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Article in Portuguese, English | LILACS-Express | LILACS | ID: biblio-1411988


Objetivo: Os agentes biológicos representam um grande avanço no tratamento da psoríase em placas moderada a grave. No entanto, variações de eficácia, segurança e custos dos tratamentos podem dificultar a escolha do agente terapêutico. Este estudo teve como objetivo atualizar o custo por resposta dos agentes biológicos disponíveis para psoríase no ROL de Procedimentos e Eventos em Saúde (ROL) da Agência Nacional de Saúde Suplementar (ANS). Métodos: Uma análise de custo por resposta foi utilizada para avaliar a razão de custo pelo desfecho Índice de Gravidade e Área da Psoríase (PASI) 90. Os resultados foram apresentados para o primeiro ano (ano I), que compreende a fase de indução e a fase manutenção até completar 52 semanas e foi realizada uma análise da efetividade do tratamento num cenário de orçamento fixo. Os custos dos tratamentos foram calculados com base nos preços de fábrica (PF18%) da Tabela da Câmara de Regulação do Mercado de Medicamentos de junho de 2021. Resultados: Para o ano I, o guselcumabe apresentou melhor resultado para custo por resposta (R$ 130.467) PASI 90, seguido por ixequizumabe, ustequinumabe, secuquinumabe, adalimumabe, infliximabe e etanercepte. No cenário com orçamento fixo, o guselcumabe demonstrou ser o agente capaz de tratar com sucesso (PASI 90) o maior número de pacientes. Atualização do custo-efetividade por resposta para psoríase em placas moderada a grave. Conclusão: Sob a perspectiva do Sistema de Saúde Suplementar do Brasil, o guselcumabe apresentou o melhor custo por resposta PASI 90, sendo, assim, a terapia com melhor custo-efetividade no tratamento da psoríase em placas moderada a grave disponível no ROL.

Objective: Biological agents represent a major advance in the treatment of moderate-to-severe plaque psoriasis. However, variations of efficiency, safety and costs of treatments make it difficult to select the drug. This study aims to update the cost per response of biological agents available in the Health Procedures and Events Roll (ROL) of the National Supplementary Health Agency (ANS). Methods: A cost-per-response analysis was used to assess the cost per outcome of Psoriasis Area and Severity Index (PASI) 90. Results were presented for the first year (I), which comprises induction and maintenance for 52 weeks and a fixed budget scenario analysis. Treatment costs were calculated based on the prices of the 2021 Medicines Market Regulation Chamber Table. Results: Analysis of year I, guselkumab showed the best result for cost per cost (R$ 130,467) PASI 90, followed by ixekizumab, ustekinumab, secukinumab, adalimumab, infliximab, and etanercept. In the fixedbudget analysis, guselkumab is the therapy capable of successfully treating (PASI 90) the largest number of patients. Conclusion: From the perspective of the Supplementary Health System in Brazil, guselkumab showed the best cost per response PASI 90, thus being the most cost-effective therapy in the treatment of moderate to severe plaque psoriasis available in the Brazilian ROL.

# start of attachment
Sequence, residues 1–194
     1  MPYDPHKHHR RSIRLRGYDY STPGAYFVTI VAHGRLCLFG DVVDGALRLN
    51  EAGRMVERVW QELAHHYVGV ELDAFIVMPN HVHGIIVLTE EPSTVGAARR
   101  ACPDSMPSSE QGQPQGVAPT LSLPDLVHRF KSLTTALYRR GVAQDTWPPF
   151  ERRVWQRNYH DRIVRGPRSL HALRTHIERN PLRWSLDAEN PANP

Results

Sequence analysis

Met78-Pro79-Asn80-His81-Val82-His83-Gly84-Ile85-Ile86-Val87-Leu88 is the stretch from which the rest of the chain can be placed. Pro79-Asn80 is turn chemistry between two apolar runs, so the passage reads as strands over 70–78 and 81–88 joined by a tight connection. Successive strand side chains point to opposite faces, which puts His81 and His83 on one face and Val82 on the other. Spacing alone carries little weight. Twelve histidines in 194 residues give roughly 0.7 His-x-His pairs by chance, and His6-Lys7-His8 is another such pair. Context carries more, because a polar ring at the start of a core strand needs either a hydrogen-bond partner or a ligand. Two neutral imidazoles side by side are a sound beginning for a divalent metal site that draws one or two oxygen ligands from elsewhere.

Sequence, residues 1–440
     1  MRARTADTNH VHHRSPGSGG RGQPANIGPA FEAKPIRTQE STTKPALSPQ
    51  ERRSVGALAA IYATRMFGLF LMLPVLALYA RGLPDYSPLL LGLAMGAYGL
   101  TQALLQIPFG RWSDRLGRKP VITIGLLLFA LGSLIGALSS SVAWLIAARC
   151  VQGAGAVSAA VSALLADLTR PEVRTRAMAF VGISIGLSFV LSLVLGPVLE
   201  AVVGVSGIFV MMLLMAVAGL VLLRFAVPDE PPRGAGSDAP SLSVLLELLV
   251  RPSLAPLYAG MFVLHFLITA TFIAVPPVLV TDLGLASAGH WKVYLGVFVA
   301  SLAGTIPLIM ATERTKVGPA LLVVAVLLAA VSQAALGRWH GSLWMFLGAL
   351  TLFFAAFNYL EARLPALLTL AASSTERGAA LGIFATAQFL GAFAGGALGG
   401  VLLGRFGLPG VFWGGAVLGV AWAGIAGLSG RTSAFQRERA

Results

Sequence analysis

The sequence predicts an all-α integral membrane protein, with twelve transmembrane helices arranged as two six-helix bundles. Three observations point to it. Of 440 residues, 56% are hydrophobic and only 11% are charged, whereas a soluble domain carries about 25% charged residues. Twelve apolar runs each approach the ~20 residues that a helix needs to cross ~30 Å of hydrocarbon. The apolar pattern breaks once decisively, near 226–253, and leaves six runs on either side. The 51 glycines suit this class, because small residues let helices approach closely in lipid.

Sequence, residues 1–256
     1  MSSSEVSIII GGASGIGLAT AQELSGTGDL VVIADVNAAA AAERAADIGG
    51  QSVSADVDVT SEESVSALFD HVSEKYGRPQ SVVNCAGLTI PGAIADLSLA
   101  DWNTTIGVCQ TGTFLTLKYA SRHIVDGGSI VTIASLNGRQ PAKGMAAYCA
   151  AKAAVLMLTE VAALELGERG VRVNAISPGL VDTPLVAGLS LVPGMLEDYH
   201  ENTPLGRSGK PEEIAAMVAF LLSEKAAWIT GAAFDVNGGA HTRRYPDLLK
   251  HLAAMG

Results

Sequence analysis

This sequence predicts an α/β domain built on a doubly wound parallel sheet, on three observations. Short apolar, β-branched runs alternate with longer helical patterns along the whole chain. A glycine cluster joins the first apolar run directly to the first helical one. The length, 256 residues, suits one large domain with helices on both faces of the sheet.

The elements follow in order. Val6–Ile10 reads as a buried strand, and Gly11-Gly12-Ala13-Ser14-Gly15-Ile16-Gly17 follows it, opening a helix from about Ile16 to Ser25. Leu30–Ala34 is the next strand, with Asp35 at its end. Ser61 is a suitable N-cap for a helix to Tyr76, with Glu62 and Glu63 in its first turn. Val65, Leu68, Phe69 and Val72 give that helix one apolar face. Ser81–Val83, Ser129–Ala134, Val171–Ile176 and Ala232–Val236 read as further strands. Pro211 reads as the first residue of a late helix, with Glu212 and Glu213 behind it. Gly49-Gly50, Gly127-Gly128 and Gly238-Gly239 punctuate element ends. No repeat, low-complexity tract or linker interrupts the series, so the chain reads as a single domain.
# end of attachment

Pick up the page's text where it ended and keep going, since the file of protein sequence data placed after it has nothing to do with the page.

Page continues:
An. bras. dermatol ; 97(1): 63-74, Jan.-Feb. 2022. tab, graf
Article in English | LILACS | ID: biblio-1360091


Abstract Generalized pustular psoriasis (von Zumbusch) is a rare and acute eruption characterized by multiple sterile pustules over an erythematous and edematous background, eventually associated with psoriasis vulgaris. Classically, it manifests as a potentially severe systemic picture and demands prompt diagnosis and intervention. The duration of each flare-up and intervals between the pustular episodes is extremely variable. Recently, genetic abnormalities have been identified mainly in the familial and early variants of this disease. The therapeutic arsenal is limited; however, new drugs being evaluated aim to control both pustular flare-ups and disease recurrences.

Humans , Psoriasis/diagnosis , Psoriasis/drug therapy , Skin Diseases, Vesiculobullous , Exanthema , Acute Disease , Chronic Disease
An. bras. dermatol ; 97(3): 348-357, 2022. tab, graf
Article in English | LILACS-Express | LILACS | ID: biblio-1383581


Abstract Lichen planopilaris and frontal fibrosing alopecia are primary scarring alopecias where diagnosis can be suggested by clinical and trichoscopy features, especially in the early stages, but scalp biopsy is the standard exam for definitive diagnosis. Frontal fibrosing alopecia is considered a variant of lichen planopilaris, as the histopathological findings are similar, with a perifollicular lymphohistiocytic infiltrate, sometimes with a lichenoid pattern. A thorough clinical examination, trichoscopy and photographic documentation are essential to assess the evolution and therapeutic response. To date, there are no validated treatments or guidelines for these diseases, but there are recommendations that vary with the individual characteristics of each patient. This article presents a comprehensive review of the literature, including an update on topics related to the diagnosis, follow-up, histopathological aspects and available treatments for lichen planopilaris and frontal fibrosing alopecia, highlighting their similarities, differences and peculiarities.